Why less is more

There are a huge amount of awareness days and weeks to celebrate throughout the year. This week we have had National Chocolate Ice Cream Day and Hug Your Cat Day.  Alongside the more serious World Environment Day and today is World Oceans Day. And of course Real Nappy Week.

As you may know, we don’t offer discounts during Real Nappy Week. Because I don’t believe that these weeks are about buying more. It is about raising awareness of issues that the planet and people face and what little changes we can make in our lives to make a difference. Or indeed hug your cat because well, why not.

I’ll be completely honest, these days send me into a flap because I usually read about them the next day. Or I post at 10.20pm. But not on World Environment Day. No – I had that one nailed. And I spent some time during the day reading through the 150,000 posts on Instagram about it. I like to read about what other people are doing to make those little changes and chat with them too. As is the purpose of social media and all that.

The focus for World Environment Day was about beating plastic pollution. Instagram was flooded with useful tips about how to reduce plastic usage with the hashtag #beatplasticpollution, along with awful picture and videos of sea creatures and birds surrounded by single-use plastics. I obviously added my two pennies worth and said my bit about how nappies are single-use plastic too.

I was stopped in my tracks by one post. By Pandora, the jewellers. I was intrigued and was ready to read about what they are doing to reduce plastic. But alas, no. They were using the hashtag to sell a feather pendant.  Because to celebrate World Environment Day, you can pay tribute to Mother Earth by buying said feather pendant. Because it symbolises freedom and hope.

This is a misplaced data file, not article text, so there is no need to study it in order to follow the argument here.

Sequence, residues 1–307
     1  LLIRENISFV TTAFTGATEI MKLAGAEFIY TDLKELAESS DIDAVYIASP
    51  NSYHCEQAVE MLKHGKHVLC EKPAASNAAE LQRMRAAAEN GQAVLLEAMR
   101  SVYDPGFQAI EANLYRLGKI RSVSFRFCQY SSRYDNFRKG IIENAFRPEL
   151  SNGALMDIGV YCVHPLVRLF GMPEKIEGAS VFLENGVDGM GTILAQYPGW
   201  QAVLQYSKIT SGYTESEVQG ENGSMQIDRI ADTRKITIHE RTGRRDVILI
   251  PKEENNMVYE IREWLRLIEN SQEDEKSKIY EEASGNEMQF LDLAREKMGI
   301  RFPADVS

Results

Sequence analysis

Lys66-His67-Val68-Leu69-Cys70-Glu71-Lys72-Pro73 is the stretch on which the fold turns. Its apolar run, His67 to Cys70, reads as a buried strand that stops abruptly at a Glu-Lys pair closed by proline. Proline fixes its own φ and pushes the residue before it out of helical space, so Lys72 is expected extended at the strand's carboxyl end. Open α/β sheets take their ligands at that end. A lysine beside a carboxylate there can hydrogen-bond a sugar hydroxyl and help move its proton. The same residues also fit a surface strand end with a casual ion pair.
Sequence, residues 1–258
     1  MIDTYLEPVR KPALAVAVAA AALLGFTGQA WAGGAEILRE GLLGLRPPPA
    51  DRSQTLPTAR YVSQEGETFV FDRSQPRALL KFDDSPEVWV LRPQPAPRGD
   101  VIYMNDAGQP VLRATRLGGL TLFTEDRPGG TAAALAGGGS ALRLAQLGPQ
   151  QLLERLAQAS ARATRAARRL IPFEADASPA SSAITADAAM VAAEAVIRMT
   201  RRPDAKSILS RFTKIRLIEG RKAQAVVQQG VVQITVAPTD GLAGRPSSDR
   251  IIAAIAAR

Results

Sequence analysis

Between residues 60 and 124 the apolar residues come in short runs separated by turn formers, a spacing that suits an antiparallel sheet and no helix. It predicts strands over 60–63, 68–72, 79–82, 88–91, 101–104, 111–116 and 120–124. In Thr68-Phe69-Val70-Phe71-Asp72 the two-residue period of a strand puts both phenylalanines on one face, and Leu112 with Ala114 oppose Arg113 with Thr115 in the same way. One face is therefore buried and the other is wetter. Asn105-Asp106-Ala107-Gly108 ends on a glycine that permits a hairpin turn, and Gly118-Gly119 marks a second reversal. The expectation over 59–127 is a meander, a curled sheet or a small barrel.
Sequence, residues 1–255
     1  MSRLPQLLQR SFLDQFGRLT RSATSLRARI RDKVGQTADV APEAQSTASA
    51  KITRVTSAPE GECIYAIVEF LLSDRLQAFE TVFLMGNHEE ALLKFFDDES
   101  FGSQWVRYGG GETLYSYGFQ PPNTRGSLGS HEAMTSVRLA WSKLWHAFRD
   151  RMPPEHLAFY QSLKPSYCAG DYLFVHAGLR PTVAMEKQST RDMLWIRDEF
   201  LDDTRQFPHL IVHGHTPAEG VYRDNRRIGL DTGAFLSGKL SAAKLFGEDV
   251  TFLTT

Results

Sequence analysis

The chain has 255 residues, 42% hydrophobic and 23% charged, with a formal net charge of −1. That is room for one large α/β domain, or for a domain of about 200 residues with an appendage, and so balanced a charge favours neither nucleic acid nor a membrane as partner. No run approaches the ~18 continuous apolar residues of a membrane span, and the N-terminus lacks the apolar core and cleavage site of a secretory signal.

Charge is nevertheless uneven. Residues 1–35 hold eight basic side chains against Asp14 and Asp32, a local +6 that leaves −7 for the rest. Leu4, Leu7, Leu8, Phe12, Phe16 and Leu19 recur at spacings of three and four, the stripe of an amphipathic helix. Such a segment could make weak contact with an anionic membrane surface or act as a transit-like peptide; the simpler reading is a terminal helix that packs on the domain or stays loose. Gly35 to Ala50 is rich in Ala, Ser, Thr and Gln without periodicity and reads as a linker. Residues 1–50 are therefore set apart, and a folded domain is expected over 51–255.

Say what?

Because buying a necklace is totally going to save the planet. Obvs.

Not sure Don Draper from Mad Men could have made that one up.

The world is overwhelmed with stuff. People are working harder and longer to buy more stuff they don’t need because marketers, like the one who wrote the post about the pendant, are telling is we need it. Life will be better if we have those new shoes and bag. We have been told for so long that new is better than fixing and our brains are wired to get a dopamine hit when we purchase something.

But happiness does not lie in stuff. Stuff brings clutter and overwhelm. And we all have too much of that. It lies in memories, connections and experiences. And helping. Making a difference. And the world is slowly waking up to that. We are drowning in possessions and things. Working harder and longer for stuff that adds more onto our to-do lists than we realise.

Living with less is not minimalism, which usually evokes images of white spaces with one chair and one plant. It is more than that. It is about thinking before you buy. Being a conscious consumer is so important when making a difference to the environment. Starting with reducing the amount of things you buy and thinking about what you really need.

I’m currently debating whether to buy a new bed. Because the one I have now blocks the lovely view out of the windows in our bedroom. So amongst the other 123,959 things whirring around my head is do I need a new bed and what would it serve me. Given that lie-ins are no longer a thing. In fact lying down is barely a thing these days, so when would I even get to enjoy that view. I’m thinking I would be happier spending that money on a holiday when the view I get is from a sun bed watching the kids make some memories splashing around and building sandcastles.

This is why you don’t see Baba+Boo partaking in Black Friday and why we don’t do a lot of discounts. Because we believe in the quality of our product and we don’t want frenzied buying. 

We all take pleasure in lovely things - photos and pictures that evoke fond memories, comfy chairs that we can snuggle in, nappies with gorgeous prints. But we have become so used to a world of ‘buy, buy, buy’ that we’ve lost sight of the difference between choosing necessities that are beautiful, and buying pretty things for the sake of it.

But when we do stop buying pendants to celebrate our planet, it’s not just the environment that benefits. Less time shopping equals more time with our growing-too-quickly babies. Spending less money means working less and playing more; fewer possessions means less things to sort, tidy and clean. And who doesn’t want that?


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